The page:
Friday, June 6, 2014

Lekar Hum Deewana Dil Music Review

Lyrics: Amitabh Bhattacharya
Music: A R Rahman
Ratings: ***1/2

Rahman is known to be very choosy with his projects unless influenced by friends. Lekar Hum Deewana Dil is Imtiaz Ali's brother Arif Ali's directorial debut and looks quite similar to Imtiaz's films before Rahman joined him... those fun and frolicking rom-coms. Though I didn't expect another Jaane Tu... Ya Jaane Na or anything huge, it's always exciting to see Rahman experimenting. Also, this is his first collaboration with lyricist Amitabh Bhattacharya.

Bhattacharya's penchant for gibberish in disco songs is evident in the start of Khalifa (sung by A R Rahman, Shweta Pandit, Hriday Gattani, Suzanne D’Mello and Mahesh Vinayakram) but for later part he channels out his inner Gulzar and draws out heavy thoughts like "Aasman zara nichod ke, pee gaye sharbat neela; suraj ka ek tukda, baadal ka ek tukda, do ungliyon se pakda; chaba liya!" Rahman incorporates Carnatic vocal percussion with the techno bits without making it sound cluttered or noisy, and all the electronic bits and processed vox just adds up to the energy of the song. 

Maloom has such a playful tune that at a point it sounds like an ad-jingle. Debutant Hriday Gattani makes a fine entry here and is suitably accompanied with Nakash Aziz. Jonita Gandhi seems like a modern day replacement of Kavita Krishnamoorthy as all her songs for Rahman so far (Highway, Kochadaiiyaan and this), I've imagined in Kavita's voice (especially when she stretches "Maaaaloom" at around 03:18). Gandhi, however, has serious diction issues.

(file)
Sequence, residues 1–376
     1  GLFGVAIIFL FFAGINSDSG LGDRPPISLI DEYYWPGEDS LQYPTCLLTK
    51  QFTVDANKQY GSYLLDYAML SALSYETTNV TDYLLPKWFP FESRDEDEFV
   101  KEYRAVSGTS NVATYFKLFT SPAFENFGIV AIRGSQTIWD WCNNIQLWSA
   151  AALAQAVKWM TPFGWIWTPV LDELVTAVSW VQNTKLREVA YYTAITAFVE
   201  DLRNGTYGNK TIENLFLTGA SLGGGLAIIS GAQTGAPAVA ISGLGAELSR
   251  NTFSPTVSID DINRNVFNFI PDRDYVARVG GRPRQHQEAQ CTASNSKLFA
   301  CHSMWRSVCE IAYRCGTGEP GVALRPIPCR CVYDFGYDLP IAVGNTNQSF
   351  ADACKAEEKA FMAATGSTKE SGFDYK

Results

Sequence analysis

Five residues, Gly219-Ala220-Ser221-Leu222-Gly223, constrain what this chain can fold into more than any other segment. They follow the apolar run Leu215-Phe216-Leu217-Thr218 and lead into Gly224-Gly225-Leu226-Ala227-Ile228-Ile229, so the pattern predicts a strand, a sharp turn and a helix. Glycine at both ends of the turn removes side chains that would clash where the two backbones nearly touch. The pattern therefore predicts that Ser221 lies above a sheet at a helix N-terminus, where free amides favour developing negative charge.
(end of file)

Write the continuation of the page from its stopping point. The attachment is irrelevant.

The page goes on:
The start of  Allahda is very Barfi-esque (that's a compliment for Pritam, of course) of which the violins are very reminiscent of Jhootha Hi Sahi. It has a lovely percussion throughout, beautifully arranged with guitar and flute. Shiraz Uppal sounds lovely but ordinary. 

The star song of the album is Mawwali Qawwali. Its carefree nature takes me to Socha Na Tha kind of space. It has more of musical arrangements than singing, from drum rolls to piano to African percussion to bass guitar! The lead vocal (Raghav Mathur) actually enters half way late in this four and a half minute song. His voice provides good blend of fun and romance to this song. But for most of the parts, I would like to know where was Javed Ali when this song was being recorded? 

The similar more-music-than-vocal is carry forwarded in another carefree and rather short track Tu Shining sung by Hriday Gattani again. It is enjoyable but easily forgettable track of the album.

The last track Beqasoor is something which Rahman would have composed for a Mani Ratnam film. The tune is vintage Rahman. He layers two vocals on parallel pace making the song haunting and letting it burn like a slow flame. Nakash Aziz is top notch but it is Shweta Pandit who completely owns the song putting her heart in the rendition. 

Rahman has already delivered the album of the year for Imtiaz Ali's Highway. For his brother, the album is not half bad. Such experimental outings are surely fun, hopefully for Rahman too.

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